New USPTO Rules for 3rd Party Prior Art Submissions Take Effect on September 16, 2012

New USPTO Rules for 3rd Party Prior Art Submissions Take Effect on September 16, 2012

In one of our recent posts, we discussed a technique (“poisoning the well”) that third parties can use to get the examiner who is handling a competitor’s patent application to consider prior art that is not currently of record. Instead of sending the prior art to the Patent Office, we recommended sending it to the competitor’s counsel to trigger the counsel’s duty of disclosure. We recommended this approach because the current Patent Office procedure for handling third party prior art submissions does not require the examiner to consider the submission. Instead, it is simply placed in the patent file.

On September 16, new Patent Office rules take effect which will put some teeth into the third party prior art submission process. The new rules will be provided in 37 C.F.R. 1.290, which replaces 37 C.F.R. 1.99 Unlike the current rules, the new rules require the examiners to consider third party prior art submissions. The examiners do not have to provide a written response concerning the submitted prior art, but they do have to indicate it was considered in the same way that they currently indicate that applicant-submitted prior art was considered. Here are some key features of the new rules:

—  Acceptable prior art submissions are limited to patents, published patent applications, or other printed publications.

—  The submission must be made before the earlier of (a) the issuance of a notice of allowance, or (b) the later of (i) six months after the application is published, or (ii) the date of a first rejection of any claim.

—  The submission must include a list identifying the items being submitted.

—  The submission must be accompanied by a concise description of the relevance of each identified reference.

—  Copies of non-US patents and translations of non-English language items must be provided (copies of US patents and published US applications need not be provided).

—  The third party must state that the submission complies with the statute (35 USC § 122(e)).

—  Subject to certain exceptions, a fee of $180 for every ten (10) documents submitted must be paid to the Patent Office.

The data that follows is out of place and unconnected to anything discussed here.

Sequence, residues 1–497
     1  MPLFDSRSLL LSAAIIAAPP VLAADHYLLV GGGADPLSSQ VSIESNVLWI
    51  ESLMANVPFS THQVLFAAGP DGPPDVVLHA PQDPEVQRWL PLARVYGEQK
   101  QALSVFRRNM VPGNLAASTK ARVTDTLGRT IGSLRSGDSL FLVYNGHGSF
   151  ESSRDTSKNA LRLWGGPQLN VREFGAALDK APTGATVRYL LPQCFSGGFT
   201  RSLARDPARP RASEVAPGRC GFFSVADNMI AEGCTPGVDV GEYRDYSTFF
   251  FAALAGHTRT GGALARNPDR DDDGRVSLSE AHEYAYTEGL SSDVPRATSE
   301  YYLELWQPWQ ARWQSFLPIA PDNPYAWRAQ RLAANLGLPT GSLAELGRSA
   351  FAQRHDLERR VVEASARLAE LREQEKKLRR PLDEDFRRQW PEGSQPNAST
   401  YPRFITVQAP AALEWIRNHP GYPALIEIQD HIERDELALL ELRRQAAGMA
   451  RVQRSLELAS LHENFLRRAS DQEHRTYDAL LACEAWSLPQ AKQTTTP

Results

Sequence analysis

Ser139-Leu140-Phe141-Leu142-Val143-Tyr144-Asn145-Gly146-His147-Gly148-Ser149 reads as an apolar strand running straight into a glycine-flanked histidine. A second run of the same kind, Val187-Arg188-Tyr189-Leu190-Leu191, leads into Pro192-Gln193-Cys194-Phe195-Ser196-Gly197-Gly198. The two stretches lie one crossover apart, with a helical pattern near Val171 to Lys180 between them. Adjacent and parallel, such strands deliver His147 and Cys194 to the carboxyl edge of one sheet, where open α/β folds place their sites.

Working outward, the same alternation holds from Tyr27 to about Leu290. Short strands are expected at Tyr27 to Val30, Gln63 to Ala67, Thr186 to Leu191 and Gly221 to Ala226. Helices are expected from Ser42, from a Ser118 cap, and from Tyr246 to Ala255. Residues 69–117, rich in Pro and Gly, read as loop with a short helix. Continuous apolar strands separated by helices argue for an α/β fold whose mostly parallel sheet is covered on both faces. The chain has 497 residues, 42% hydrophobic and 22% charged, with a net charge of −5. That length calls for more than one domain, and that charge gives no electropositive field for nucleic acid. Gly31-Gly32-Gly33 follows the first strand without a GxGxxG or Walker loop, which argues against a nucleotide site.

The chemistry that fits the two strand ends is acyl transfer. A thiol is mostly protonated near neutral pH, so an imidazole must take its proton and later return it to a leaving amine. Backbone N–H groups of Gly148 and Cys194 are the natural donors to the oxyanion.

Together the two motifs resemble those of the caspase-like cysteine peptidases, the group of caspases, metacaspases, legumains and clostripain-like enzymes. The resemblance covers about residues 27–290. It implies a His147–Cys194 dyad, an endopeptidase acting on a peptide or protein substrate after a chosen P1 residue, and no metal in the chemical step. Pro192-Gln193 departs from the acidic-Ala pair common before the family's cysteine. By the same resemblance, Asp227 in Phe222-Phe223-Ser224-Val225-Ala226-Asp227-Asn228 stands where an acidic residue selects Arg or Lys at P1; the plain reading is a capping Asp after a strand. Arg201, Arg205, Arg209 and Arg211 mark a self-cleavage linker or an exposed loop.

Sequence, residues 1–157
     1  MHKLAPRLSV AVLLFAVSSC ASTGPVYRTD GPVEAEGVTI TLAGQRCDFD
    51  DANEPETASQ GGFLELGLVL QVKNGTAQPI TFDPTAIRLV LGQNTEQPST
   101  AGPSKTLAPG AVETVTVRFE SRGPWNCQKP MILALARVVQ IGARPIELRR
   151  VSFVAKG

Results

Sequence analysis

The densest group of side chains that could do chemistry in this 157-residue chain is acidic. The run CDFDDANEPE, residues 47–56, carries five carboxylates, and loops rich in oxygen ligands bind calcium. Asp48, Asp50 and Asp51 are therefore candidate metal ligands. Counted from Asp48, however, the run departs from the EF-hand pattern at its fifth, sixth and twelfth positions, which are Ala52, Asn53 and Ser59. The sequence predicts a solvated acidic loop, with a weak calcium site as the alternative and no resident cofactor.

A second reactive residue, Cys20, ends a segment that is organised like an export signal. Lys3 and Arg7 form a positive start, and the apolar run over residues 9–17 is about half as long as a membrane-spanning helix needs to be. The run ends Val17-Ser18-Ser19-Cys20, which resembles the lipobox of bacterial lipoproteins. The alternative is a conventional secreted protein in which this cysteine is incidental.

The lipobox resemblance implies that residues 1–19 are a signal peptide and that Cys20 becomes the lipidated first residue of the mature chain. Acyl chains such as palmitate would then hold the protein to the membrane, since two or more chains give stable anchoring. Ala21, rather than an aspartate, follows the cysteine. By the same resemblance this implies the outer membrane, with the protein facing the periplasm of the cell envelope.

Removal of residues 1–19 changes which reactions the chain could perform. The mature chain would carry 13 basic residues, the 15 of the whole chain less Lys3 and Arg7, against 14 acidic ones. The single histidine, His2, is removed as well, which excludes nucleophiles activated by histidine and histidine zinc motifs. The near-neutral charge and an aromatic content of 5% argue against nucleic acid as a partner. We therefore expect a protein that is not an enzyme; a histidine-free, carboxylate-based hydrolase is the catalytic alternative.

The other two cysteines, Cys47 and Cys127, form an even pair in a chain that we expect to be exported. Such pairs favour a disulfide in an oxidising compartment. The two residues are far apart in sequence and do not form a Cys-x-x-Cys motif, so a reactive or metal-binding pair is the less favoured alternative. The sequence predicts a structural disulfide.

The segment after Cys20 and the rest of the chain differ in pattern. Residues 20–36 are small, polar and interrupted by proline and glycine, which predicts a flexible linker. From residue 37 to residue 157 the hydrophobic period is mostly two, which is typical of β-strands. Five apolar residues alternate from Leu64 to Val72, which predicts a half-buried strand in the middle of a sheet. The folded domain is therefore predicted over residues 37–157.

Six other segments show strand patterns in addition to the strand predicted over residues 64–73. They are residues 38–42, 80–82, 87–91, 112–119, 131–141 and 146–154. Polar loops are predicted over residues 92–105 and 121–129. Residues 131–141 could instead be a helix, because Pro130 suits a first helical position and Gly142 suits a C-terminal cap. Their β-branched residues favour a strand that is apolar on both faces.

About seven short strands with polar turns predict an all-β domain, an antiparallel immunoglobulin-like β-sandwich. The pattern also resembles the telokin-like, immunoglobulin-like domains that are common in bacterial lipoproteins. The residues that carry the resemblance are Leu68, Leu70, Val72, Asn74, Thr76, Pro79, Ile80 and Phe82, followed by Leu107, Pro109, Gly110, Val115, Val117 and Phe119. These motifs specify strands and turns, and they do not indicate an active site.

One important feature of the new rules is that they apply to any application that is filed before, on or after September 16, 2012. Third party prior art submissions may be made in any non-provisional utility, design, or plant application, as well is any continuing application. However, they may not be made in reissue or reexamination proceedings. There is also no requirement to identify the real party in interest, although the submission must be signed by the submitter.

Third party submissions that are considered by an examiner will be listed on the patent in the same way that references found by the examiner or identified by the applicant are identified. The Patent Office is also providing a dedicated web interface through EFS-Web for accepting third party prior art submissions, although they may be filed in paper.

The new rule provides a useful alternative to the “poisoning the well” approach that we discussed in our earlier post. Of course, in some cases, it may not be possible to meet the timing requirements of the new rules. In other cases, the information may not be of the type permitted by the rules because it does not fall into the categories of “patents, published patent applications, or other printed applications” (as in the case of evidence of a prior public use or sale). In those situations, supplying the information to the applicant’s counsel may provide a means of getting it in front of the examiner (or exposing the counsel to the risk of an inequitable conduct finding in future infringement litigation).

On the whole, the new rules seem intended to strike a reasonable balance between the goals of ensuring that examiners have the best and closest prior art at hand and preventing competitors from bogging down the examination process by repeatedly dumping new submissions on the Patent Office through the entirety of the examination period.

The Federal Register publication of the new rule can be found at:

The comments are closed.